“The new APDP presents the opportunity to revolutionise the South African supplier component industry which has a long way to travel before it can claim global competitiveness.

“In terms of cost competitiveness, there’s an approximate 20% gap to manufacturers in Western Europe. The gap widens to more than 30% when comparing domestic automotive manufacturing cost structures to those in emerging automotive power houses such as India, China and Russia. There is only one way in which the automotive manufacturing industry in SA will be able to survive in the medium to long term – by securing much higher levels of local content. This includes the need to introduce new technologies and increase the use of local materials in the domestic component manufacturing industry.”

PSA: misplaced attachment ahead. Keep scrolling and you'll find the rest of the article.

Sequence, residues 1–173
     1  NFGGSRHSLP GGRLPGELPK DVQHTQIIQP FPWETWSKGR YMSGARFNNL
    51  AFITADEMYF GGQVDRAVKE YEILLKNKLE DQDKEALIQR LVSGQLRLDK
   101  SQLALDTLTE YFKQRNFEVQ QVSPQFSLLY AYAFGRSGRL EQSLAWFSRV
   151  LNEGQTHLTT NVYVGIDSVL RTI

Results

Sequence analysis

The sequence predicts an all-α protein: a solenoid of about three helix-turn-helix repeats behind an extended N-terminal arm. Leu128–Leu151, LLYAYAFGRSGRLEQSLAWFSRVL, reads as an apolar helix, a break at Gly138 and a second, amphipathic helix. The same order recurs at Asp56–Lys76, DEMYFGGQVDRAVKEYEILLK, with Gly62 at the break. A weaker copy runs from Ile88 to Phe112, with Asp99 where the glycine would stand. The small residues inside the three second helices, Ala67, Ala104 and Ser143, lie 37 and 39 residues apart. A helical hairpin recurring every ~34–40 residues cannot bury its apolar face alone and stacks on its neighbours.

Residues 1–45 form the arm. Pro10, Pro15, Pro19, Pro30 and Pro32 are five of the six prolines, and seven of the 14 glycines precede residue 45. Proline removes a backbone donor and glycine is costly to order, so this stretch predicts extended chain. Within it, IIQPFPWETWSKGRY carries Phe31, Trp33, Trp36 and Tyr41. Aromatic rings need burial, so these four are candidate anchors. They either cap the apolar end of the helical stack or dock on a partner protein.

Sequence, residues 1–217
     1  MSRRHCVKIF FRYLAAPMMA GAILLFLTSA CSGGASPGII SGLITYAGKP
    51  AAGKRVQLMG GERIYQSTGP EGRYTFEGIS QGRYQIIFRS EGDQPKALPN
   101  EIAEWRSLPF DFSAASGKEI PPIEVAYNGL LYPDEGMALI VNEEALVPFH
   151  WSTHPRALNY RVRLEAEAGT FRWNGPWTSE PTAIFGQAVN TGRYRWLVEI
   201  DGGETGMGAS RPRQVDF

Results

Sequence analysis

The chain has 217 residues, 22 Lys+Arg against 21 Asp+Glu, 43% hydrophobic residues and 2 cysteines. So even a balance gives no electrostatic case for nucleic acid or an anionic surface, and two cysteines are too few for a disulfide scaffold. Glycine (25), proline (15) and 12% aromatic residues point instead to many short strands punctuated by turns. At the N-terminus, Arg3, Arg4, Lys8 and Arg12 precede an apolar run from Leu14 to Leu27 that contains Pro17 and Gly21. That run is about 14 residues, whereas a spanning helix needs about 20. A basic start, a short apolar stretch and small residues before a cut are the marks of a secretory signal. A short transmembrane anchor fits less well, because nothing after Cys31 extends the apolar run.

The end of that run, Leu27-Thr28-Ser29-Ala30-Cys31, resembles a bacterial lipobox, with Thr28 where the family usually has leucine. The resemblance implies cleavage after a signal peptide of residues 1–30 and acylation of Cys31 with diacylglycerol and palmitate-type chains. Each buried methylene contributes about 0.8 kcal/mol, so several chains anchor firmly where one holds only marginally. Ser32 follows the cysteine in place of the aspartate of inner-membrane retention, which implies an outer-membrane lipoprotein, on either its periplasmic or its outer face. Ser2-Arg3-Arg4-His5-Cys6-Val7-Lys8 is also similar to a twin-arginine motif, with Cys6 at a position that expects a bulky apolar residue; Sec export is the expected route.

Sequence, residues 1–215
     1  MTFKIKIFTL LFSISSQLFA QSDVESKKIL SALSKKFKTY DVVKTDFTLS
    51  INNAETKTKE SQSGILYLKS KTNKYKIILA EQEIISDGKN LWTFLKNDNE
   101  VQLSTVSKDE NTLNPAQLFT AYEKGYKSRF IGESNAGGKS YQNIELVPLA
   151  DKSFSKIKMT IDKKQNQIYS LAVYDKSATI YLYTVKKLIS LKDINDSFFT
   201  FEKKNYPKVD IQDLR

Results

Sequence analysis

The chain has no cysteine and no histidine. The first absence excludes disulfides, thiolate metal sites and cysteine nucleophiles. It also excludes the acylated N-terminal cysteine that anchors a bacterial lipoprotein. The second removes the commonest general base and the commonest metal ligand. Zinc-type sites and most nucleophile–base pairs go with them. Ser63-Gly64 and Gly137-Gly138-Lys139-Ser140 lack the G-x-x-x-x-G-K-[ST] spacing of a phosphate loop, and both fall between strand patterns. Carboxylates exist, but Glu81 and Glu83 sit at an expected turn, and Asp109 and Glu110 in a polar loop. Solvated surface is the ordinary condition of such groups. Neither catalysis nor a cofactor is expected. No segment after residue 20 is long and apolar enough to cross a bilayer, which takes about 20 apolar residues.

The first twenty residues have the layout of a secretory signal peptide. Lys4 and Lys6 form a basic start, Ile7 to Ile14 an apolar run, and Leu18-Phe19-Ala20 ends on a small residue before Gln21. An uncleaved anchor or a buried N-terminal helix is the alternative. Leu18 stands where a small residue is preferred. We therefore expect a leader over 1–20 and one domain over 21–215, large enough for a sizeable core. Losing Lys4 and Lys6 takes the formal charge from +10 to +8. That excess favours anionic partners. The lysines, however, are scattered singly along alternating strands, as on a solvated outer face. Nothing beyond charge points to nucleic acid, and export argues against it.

CDC chief executive Pepi Silinga said the initiative would send a positive message to the auto industry and strengthen the position of the region in the sector. “The positive impact of these developments to the economy of the Eastern Cape will be huge. They will bring dramatic shifts in people’s lives in the metro and in the province far sooner than expected.”

The VWSA announcement comes only days after General Motors in Port Elizabeth announced that it would shed 1000 jobs by the end of year, and Ford, with operations in Port Elizabeth and Pretoria, said it would be shedding 800 jobs.

GM shed more than 400 jobs earlier this year and is now in the process of reducing its head-count by several hundred more, with more cuts planned through to the end of the year.

Source: The Herald, Avusa Group News